We are delighted to inform you that Sound for Life will be participating and showcasing Forbraina and Soundsory at the Learntec - Europe's #1 fair for digital learning. For a quarter of a century, LEARNTEC has been held at the beginning of the year, showcasing IT-supported learning methods and technologies and best practices in life-long learning: imparting knowledge in companies, schools and higher education institutions.
One of the main principles of Forbrain is retraining. When Alfred Tomatis was developing his ideas more than fifty years ago, there wasn’t the neuroscience research there is today, but today’s science has proven that Alfred Tomatis was right – the brain can be retrained. This principle of neuroplasticity is now a key understanding of how the brain works – it is being retrained constantly.
I discovered the Forbrain about a year ago following a presentation by Kara Tavolacci. I was really intrigued about it and thought that it could help a number of the kiddos I work with so, I bought one and haven’t looked back! I try out the Forbrain for all of my clients with articulation or language disorders and have also found it helpful for kids who have a hard time concentrating. Some of the kids don’t like how it feels, and that’s okay, but most of them really enjoy hearing their own voices.
In a segment aired on CNBC’s Advancements TV on 21 September 2019, Forbrain was put under the spotlight as the show attempted to educate viewers as to how Sound For Life is empowering children and adults to reach their full potential, improve their quality of life through brain stimulation and truly making an impact on people’s lives. Advancements TV, presented by Ted Danson aims to explore recent developments in technology, manufacturing, sustainability etc. This episode particularly focused on Neurotechnology and devices that are being used to enhance cognitive skills.
We are delighted to inform you that Sound for Life will be participating and showcasing at the annual American Speech and Hearing Association (ASHA) convention for the 5th consecutive year. The ASHA convention is the annual professional development and networking event for speech-language pathologists, audiologists, and speech, language, and hearing scientists.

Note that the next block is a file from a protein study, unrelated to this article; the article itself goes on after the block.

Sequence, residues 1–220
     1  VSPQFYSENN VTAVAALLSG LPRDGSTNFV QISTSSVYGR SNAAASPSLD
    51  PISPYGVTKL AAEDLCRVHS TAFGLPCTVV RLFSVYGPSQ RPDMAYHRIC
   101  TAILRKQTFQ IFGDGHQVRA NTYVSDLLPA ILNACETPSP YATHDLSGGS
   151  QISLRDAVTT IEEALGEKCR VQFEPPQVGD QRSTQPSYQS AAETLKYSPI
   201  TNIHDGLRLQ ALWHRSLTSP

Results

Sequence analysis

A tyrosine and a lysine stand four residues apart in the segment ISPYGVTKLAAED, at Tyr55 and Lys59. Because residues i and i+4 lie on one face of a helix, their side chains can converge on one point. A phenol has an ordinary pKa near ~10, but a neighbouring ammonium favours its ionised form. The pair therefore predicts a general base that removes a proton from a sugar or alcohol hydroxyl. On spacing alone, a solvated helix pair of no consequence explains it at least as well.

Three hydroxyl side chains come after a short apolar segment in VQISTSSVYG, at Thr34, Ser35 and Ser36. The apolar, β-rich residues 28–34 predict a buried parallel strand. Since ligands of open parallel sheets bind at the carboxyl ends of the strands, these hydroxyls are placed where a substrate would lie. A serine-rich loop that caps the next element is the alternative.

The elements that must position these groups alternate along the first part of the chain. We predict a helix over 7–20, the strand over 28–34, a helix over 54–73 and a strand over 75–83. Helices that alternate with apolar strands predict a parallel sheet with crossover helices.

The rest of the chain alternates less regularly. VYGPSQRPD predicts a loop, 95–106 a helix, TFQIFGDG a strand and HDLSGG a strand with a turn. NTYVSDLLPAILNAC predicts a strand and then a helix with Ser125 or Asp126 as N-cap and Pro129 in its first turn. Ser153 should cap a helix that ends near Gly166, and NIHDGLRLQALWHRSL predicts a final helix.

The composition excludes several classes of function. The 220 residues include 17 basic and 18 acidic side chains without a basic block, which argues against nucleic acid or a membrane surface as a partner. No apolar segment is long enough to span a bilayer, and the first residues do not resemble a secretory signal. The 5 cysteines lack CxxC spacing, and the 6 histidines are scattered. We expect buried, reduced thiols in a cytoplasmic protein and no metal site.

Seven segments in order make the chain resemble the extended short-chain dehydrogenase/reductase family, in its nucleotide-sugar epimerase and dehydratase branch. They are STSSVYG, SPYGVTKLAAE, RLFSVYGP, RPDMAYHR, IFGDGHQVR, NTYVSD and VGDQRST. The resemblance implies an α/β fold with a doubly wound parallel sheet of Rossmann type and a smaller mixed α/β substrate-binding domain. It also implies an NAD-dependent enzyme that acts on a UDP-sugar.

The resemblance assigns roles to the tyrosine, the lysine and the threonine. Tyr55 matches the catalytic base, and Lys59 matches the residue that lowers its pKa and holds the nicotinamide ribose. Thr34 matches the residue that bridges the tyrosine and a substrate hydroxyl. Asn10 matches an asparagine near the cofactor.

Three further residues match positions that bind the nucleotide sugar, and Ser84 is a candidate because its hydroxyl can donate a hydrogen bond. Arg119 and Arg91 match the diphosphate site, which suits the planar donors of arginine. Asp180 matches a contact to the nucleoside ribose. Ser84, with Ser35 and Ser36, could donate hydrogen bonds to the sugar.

There is often confusion about the difference between hearing and listening. This is partly because listening depends on the ability to hear. Generally, however, hearing refers to the ability to process sounds and is considered an automatic process that is not consciously directed. The physiology of the ear and the brain is such that sound waves are received in the ear and sent to the brain for automatic decoding.
Caring for a child with Autism Spectrum Disorder (ASD) does not come naturally for anyone. Knowing how to interact with your child can take time, and will change as your child grows.
Researchers are able to determine how well parts of our brains are functioning based on our handwriting. When there is a disruption in this process, clues to what’s happening in the brain can be seen in a person’s ability to write or draw. When a trained professional looks at a person’s handwriting and detects certain errors, a diagnosis of dysgraphia may be made.
Between the ages of two and five, many children will go through a temporary phase during which they struggle to pronounce words, get stuck on syllables, or show other signs of interrupted, non-fluent speech. The medical term for this is developmental stuttering. This post discusses how to cope with stuttering that is not part of this temporary period and thus, prolonged (Learn about other speech disorders here).
In recent years there has been increased attention on the notion of direct brain training to help with specific disabilities. These various procedures have built on growing neuroscience knowledge and research on brain plasticity.